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For people with Down syndrome, family members, caregivers and professionals.

Urinary Retention

August 2017 | Agni Vlahos, MD - Family Medicine Resident, Advocate Lutheran General Hospital

The bladder is an organ composed of layers of smooth muscle that sits in the pelvis. The function of the bladder is to collect urine until it has reached its capacity which then signals to the brain that the person needs to urinate. When the time comes to urinate, the bladder walls contract allowing urine to exit the body through the urethra. When a person is unable to void urine from the bladder appropriately, it is known as urinary retention. Acute urinary retention is defined as “the inability to voluntarily pass urine.”1

People with Down syndrome are at an increased risk of developing urinary retention because of their high incidence of decreased muscle tone. This means that the muscles in the bladder are “floppy”2 and less taut at rest which can result in the bladder not being able to properly contract when urinating. This results in difficulty starting the urine stream or in urine remaining in the bladder after voiding. Medications, benign prostatic hyperplasia, and infections are also common culprits of acute urinary retention. People with Down syndrome may also have acquired behavioral patterns of holding their urine for long periods of time which can also lead to a floppy bladder over time. Therefore, it can be difficult to determine what the underlying cause of a floppy bladder is.

There are several risks associated with urinary retention including the development of urinary tract infections, urinary incontinence, abdominal pain/discomfort, and possible kidney damage.

  • Urinary tract infections are caused by bacteria entering the bladder through the urethra. Normally, there shouldn’t be bacteria in the urine, but if they are present they are voided from the bladder during urination. When the bladder isn’t emptied for a prolonged period of time, bacteria that have made their way into the bladder from outside the body can grow and create an infection in the urine. This infection can spread towards the kidneys if not treated properly. Urinary tract infections are typically identified through a urine test and treated with antibiotics.

  • Urinary incontinence occurs when the bladder becomes over-full and results in unintended leakage of urine from the bladder. Similarly, a full bladder can quickly become too full which creates an urgent need to use the bathroom and the person may not make it in time.

  • Abdominal pain/discomfort can occur when the bladder becomes overly full and the person is unable to void in a timely manner.

  • Long standing urine retention in the bladder can cause pressure to build up in the urinary system that is transmitted upward towards the kidneys which can damage the kidneys’ anatomic structure and function over time.

The diagnosis of urinary retention can be both invasive and non-invasive. Commonly, an ultrasound (non-invasive) of the bladder is done prior to and after urination to visualize if any urine remains in the bladder. A catheter can also be inserted into the bladder which helps quantify how much urine is retained. A camera (cystoscope) can also be inserted into the bladder to visualize any overt causes of obstruction. A urinalysis and culture can also be done to look for infection.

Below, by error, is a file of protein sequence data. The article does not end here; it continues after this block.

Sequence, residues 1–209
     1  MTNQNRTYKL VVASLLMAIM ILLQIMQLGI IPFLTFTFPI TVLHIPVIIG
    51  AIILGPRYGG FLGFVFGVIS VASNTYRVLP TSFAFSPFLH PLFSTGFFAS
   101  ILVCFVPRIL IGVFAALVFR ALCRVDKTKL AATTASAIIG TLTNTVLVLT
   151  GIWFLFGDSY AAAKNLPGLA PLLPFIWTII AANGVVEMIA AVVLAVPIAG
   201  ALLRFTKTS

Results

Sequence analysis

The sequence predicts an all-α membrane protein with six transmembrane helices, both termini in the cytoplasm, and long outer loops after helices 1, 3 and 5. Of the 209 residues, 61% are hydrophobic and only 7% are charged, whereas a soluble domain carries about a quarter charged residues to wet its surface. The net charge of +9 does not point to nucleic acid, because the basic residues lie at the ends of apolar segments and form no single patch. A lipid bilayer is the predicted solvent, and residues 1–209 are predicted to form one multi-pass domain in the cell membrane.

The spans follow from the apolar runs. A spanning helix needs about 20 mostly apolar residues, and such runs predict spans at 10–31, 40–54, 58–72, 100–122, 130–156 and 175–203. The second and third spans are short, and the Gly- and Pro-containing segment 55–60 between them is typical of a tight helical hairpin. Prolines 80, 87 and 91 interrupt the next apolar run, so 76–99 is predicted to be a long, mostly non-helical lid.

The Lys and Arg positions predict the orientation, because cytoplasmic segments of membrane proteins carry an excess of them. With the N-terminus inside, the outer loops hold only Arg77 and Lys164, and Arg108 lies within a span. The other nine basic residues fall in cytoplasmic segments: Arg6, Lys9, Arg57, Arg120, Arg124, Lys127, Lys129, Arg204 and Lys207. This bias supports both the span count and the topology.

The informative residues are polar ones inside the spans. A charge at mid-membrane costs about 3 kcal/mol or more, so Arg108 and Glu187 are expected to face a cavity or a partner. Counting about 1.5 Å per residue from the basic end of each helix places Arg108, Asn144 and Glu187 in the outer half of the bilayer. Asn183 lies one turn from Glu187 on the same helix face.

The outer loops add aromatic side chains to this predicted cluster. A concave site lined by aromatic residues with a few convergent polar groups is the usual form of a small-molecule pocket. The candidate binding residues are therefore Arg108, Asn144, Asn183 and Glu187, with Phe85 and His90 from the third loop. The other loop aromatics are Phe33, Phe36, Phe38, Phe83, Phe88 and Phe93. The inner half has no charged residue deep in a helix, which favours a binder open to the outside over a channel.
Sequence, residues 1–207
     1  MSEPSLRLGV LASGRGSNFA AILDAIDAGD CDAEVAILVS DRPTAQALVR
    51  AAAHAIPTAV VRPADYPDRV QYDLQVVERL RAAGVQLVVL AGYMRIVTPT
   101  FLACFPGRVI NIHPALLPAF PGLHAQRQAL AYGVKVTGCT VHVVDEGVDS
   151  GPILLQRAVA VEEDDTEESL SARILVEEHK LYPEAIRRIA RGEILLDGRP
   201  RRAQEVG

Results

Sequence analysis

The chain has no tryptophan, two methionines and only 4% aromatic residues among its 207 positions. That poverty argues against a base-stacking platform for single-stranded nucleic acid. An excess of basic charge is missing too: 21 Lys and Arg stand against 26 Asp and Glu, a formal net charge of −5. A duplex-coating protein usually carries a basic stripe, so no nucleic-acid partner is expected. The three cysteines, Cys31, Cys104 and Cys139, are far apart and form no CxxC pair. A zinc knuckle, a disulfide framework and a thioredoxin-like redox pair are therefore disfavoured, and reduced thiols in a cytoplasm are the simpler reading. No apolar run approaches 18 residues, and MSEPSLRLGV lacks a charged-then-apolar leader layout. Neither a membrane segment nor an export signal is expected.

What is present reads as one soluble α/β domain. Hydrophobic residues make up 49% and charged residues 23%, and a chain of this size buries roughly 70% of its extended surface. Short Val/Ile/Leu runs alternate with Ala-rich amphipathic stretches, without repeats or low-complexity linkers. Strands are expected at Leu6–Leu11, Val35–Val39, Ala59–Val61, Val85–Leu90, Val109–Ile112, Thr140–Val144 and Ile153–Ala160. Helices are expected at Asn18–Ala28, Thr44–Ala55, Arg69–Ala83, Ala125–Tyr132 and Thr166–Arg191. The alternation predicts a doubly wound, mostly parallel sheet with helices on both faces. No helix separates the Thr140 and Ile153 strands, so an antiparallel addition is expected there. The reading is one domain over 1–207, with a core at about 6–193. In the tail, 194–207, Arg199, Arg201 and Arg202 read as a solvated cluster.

Treatment of urinary retention can involve behavior modifications, medications, and surgical intervention. For people with bladders that are over-stretched and don’t contract properly, behavior modification can play a big role in preventing overfilling of the bladder. Creating a schedule or picture instruction chart that instructs the person to urinate every 2-3 hours for a pre-determined amount of time can help regulate the bladder function. Some toileting behaviors may be difficult to reverse because of the compulsive behaviors that some individuals with Down syndrome have developed. The underlying cause of the urinary retention should be addressed and new behaviors should be explained and demonstrated in a way that the patient can understand.

Depending on the severity and acuity of the obstruction, a person may have a urinary catheter inserted into the bladder connected to a bag that can be kept in place for a short period of time. The catheter can facilitate voiding by reducing the volume of urine in the bladder and eliminating the problem of the bladder being “over-stretched”. Some people may also benefit from medications that can improve urinary flow. If the cause of obstruction is a large prostate, there are certain medications that can be effective in reducing symptoms. Lastly, surgical intervention by a urologist to remove a part of the prostate or other anatomic obstruction may be a viable option for some people.


  1. Barrisford, G.W. & Steele, G.S. (2015). Acute urinary retention. In J. Givens (Ed.), UpToDate. Retrieved from retention&source=search_result&selectedTitle=1~84&usage_type=default&display_rank=1.

  1. Chicoine, B., & McGuire, D. (2010). Urology. In The guide to good health for teens and adults with Down syndrome. Bethesda, MD: Woodbine House.

Please note: The information on this site is for educational purposes only and is not intended to serve as a substitute for a medical, psychiatric, mental health, or behavioral evaluation, diagnosis, or treatment plan by a qualified professional. We recommend you review the educational material with your health providers regarding the specifics of your health care needs.